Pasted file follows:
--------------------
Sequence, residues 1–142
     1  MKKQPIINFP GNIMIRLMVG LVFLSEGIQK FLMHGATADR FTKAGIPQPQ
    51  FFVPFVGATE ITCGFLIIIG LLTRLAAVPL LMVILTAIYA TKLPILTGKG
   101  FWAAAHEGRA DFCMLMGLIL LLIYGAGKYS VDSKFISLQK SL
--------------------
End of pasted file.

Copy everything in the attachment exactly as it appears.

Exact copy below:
Sequence, residues 1–142
     1  MKKQPIINFP GNIMIRLMVG LVFLSEGIQK FLMHGATADR FTKAGIPQPQ
    51  FFVPFVGATE ITCGFLIIIG LLTRLAAVPL LMVILTAIYA TKLPILTGKG
   101  FWAAAHEGRA DFCMLMGLIL LLIYGAGKYS VDSKFISLQK SL